“Yes, I have had some crit­i­cism lev­elled at me about that,” she says. “But I felt that there was no room in this story for me to get too in­dul­gent about my art. I felt I had to keep telling the story and any ef­fort to cut in beau­ti­ful long shots of grass or what­ever just felt like I was cheat­ing. Ninety-seven min­utes isn’t that long to tell such an in­tense story.”

The “in­tense story” de­tails Len­non’s com­plex re­la­tion­ship with his trou­bled mother Ju­lia and his sta­ble, bour­geois Aunt Mimi. Ini­tially a di­rec­tion­less, hy­per­ac­tive wiseacre, Len­non grew up with his aunt – who, sadly, out­lived him – in a mid­dle-class sub­urb of Liver­pool.

The script sug­gests that Ju­lia, who lived just round the cor­ner, may have been se­verely bi-po­lar. It is, in many ways, a sad story, but Tay­lor-Wood paints Len­non’s up­bring­ing as less gritty than songs such as Work­ing Class Hero might sug­gest. Af­ter all, the im­pec­ca­bly posh Kristin Scott Thomas plays Aunt Mimi.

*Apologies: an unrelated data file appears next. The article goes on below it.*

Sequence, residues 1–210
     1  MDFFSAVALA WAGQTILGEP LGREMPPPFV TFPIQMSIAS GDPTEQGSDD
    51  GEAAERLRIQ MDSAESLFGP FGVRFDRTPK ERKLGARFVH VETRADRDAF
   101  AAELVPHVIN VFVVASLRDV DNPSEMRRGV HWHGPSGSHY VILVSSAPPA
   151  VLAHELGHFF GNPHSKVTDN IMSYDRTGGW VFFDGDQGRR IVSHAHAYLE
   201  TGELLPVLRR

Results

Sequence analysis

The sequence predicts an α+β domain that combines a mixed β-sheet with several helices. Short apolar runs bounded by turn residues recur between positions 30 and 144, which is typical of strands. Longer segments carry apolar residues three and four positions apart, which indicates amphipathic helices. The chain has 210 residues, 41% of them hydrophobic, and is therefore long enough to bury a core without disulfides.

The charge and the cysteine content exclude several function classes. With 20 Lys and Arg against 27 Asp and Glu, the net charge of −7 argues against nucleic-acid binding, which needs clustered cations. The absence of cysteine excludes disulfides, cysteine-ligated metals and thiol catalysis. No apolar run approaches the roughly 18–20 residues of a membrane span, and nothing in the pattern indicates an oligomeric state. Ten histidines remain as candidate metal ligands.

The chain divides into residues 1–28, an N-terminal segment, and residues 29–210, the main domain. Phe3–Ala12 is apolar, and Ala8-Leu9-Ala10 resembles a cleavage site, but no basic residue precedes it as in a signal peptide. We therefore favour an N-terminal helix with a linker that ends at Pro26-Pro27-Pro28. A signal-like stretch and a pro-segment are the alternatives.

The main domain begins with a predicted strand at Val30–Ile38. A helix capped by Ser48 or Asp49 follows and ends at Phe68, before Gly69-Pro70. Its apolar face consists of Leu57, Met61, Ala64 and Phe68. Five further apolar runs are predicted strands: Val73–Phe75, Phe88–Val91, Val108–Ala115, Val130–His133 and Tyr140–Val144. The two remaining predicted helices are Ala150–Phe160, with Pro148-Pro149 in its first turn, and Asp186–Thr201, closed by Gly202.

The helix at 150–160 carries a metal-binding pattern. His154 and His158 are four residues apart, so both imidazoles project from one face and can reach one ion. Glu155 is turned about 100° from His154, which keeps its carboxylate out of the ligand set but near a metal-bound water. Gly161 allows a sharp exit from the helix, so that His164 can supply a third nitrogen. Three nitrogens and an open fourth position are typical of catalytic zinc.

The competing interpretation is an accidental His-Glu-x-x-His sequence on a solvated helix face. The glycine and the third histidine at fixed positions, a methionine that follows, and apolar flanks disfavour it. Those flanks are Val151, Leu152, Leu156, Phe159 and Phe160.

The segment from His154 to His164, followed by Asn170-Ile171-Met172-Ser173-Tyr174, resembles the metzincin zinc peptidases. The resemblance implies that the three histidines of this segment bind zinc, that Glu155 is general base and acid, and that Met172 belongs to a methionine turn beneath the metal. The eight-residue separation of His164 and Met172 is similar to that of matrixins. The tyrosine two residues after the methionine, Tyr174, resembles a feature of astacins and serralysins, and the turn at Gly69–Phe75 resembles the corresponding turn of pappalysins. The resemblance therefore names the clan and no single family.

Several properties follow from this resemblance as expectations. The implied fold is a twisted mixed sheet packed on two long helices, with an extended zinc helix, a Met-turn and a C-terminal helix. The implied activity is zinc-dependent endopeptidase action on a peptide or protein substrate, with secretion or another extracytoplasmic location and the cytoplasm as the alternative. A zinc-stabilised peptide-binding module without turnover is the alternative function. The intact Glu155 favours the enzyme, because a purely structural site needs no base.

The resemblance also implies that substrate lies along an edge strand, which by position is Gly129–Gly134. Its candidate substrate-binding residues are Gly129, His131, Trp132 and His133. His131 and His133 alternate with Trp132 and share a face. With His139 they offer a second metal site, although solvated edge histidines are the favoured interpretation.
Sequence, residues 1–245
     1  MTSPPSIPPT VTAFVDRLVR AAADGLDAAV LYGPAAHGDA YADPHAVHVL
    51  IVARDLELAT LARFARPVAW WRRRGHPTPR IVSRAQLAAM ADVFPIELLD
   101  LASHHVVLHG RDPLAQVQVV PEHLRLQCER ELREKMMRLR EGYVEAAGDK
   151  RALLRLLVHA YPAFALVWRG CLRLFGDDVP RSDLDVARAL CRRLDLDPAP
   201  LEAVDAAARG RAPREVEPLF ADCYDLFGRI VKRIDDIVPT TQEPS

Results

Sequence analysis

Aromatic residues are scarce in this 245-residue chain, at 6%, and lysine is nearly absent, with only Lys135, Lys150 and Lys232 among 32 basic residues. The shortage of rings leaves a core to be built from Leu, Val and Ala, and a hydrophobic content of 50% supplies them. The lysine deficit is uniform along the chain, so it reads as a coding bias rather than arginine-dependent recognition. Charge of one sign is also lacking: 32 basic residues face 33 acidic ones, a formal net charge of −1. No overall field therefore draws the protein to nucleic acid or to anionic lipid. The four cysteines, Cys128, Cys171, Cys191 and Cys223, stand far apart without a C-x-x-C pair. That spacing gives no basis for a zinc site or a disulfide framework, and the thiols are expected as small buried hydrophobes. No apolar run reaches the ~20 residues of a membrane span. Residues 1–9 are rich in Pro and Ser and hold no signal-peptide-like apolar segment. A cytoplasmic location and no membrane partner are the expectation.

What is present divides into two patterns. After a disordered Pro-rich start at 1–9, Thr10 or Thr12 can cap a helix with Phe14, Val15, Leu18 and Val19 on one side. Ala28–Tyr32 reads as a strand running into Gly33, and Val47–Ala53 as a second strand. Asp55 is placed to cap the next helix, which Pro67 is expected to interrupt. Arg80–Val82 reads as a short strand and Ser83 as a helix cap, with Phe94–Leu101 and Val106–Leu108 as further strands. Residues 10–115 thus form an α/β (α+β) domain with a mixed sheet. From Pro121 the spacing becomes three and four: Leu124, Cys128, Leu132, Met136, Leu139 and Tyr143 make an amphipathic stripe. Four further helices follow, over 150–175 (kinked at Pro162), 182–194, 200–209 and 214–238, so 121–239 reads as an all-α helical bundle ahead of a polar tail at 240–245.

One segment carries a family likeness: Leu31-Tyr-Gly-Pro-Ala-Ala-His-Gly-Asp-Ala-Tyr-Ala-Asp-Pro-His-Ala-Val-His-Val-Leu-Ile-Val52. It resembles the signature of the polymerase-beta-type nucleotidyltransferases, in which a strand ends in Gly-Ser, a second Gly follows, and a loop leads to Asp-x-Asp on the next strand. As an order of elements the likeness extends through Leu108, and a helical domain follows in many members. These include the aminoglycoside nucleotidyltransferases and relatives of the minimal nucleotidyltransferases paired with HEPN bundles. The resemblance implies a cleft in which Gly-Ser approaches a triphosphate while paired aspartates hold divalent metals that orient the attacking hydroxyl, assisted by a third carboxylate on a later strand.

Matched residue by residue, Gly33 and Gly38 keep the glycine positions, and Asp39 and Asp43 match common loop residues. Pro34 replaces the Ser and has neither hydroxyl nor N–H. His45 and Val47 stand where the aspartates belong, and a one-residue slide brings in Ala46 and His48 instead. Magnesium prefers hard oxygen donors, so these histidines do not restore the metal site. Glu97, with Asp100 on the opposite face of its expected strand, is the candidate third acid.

“Yes, there is a com­mon mis­con­cep­tion about him,” she agrees. “He came from a posher sub­urb of Liver­pool and Mimi was an as­pi­ra­tional fig­ure. He was es­sen­tially brought up mid­dle class. It was Paul who lived in that world of gritty work­ing-class hous­ing es­tates. There is a pa­tro­n­is­ing view

“Yoko hoped we would un­der­stand the John she knew and loved. When she saw it she loved it and sent me a note that made we weep”

of the north that it’s all grim. I wanted to get away from that and paint it as an ex­cit­ing en­vi­ron­ment – the mu­si­cal cen­tre of the world for a while.”

Tay­lor-Wood ad­mits that it took her a while to grasp that she was en­gag­ing with “one of the great icons of all time”. In con­ver­sa­tion, she ex­hibits a blithe can-do spirit – bol­stered, per­haps, by two suc­cess­ful bat­tles with can­cer – that spreads cheer­ing de­grees of warmth about the room. She seems nei­ther ar­ro­gant nor over-con­fi­dent, but she ap­pears pre­pared to tackle any task without quiv­er­ing in trep­i­da­tion. Con­sider her deal­ings with Yoko Ono and the rest of the Len­non fam­ily.